Brandon Tierney, a diehard Knicks fan, knew the longer that negotiations with Steve Kerr went on, the odds of him actually becoming New York’s next head coach diminished.
And that’s exactly what happened.
Kerr, a West Coast native and resident, signed a five-year, $25-million deal this week to coach Stephen Curry and the Golden State Warriors.
But for Kerr, the decision was much harder than you might think. Just how close was he to signing with the Knicks?
“Very, very close,” Kerr’s agent, Mike Tannenbaum, said on The Morning Show. “This was never anything about an anti-Knicks thing. First of all, his relationship with Phil (Jackson) is very special. They accomplished so much together. This was really much more about really loving the Golden State roster and having three kids on the West Coast. Steve and his wife are from the San Diego area, (and) he has a daughter that goes to school in the Bay Area.”
“But he really liked the plan that Phil had for the Knicks long-term,” Tannenbaum continued, “and who’s going to bet against Phil Jackson? All he’s ever known is success. I think they’re going to do great things there. But for Steve, he just felt like when you balance personal and professional variables, the better fit was in Golden State.”
There are some who say Kerr didn’t want to coach the Knicks because he didn’t want to be in Jackson’s shadow, that he wanted to stand up on his own two feet and forge his own path.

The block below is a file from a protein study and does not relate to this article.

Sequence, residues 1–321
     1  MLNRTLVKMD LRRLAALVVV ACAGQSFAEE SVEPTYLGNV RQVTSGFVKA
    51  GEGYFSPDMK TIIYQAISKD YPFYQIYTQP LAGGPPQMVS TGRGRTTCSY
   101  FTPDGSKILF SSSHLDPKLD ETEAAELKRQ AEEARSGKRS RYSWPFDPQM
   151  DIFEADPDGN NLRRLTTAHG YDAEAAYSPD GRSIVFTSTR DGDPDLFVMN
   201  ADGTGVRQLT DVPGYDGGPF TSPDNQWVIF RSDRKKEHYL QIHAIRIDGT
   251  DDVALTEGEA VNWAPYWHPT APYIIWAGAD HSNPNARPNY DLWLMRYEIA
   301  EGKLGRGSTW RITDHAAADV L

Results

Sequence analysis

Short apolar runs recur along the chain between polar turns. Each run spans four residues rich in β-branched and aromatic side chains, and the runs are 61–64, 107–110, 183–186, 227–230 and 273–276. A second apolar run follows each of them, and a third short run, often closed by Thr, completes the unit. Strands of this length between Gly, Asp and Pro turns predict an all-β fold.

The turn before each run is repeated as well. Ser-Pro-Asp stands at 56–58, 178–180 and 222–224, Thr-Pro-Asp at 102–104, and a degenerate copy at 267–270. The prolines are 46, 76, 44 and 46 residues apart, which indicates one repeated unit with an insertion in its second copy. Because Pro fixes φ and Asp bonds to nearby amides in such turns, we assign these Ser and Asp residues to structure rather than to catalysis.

Tannenbaum said that couldn’t be further from the truth. After all, who better to have as a mentor than Jackson?
“We really saw (having Jackson) as a huge asset and a big positive,” Tannenbaum said. “With that said, he sat down with Bob Myers, the general manager of the Golden State Warriors, (and) Kirk Lacob, the assistant general manager, and really felt comfortable with them as well. (Kerr was) really impressed with the roster they’ve already built.
“He really saw both situations as positives. He couldn’t go wrong.”
There are other rumors that Knicks owner James Dolan was willing to sign Kerr for three or four years, but not five. Tannenbaum refuted that claim.
“This was a non-economic issue,” Dolan said. “He was comfortable with where the economics were. It was all about fit.”
Tannenbaum, who previously served as general manager of the New York Jets, was also asked about Michael Sam – specifically the documentary series the Oprah Winfrey Network is making about him.
Cameras won’t be allowed in the locker room, but should the Rams by concerned about this? And is this really the right move for Sam, who will be fighting to make the roster?
“I think they’ll be proactive about it and keep it out of the locker room and out of the facility,” Tannenbaum said of the Rams. “If I was representing Michael Sam, I’d say, ‘Look, I appreciate what you’re trying to accomplish. From a social-conscious standpoint, there’s a lot you can do. But it all starts (with) making the team.’
“As you all know, his football career is going to be predicated on how he plays in the preseason games, most notably in the kicking game. All those (other) things, there’s a time and a place – and as I would tell him, it’d be the offseason. Without him making the team, none of this stuff has the same value.”Comments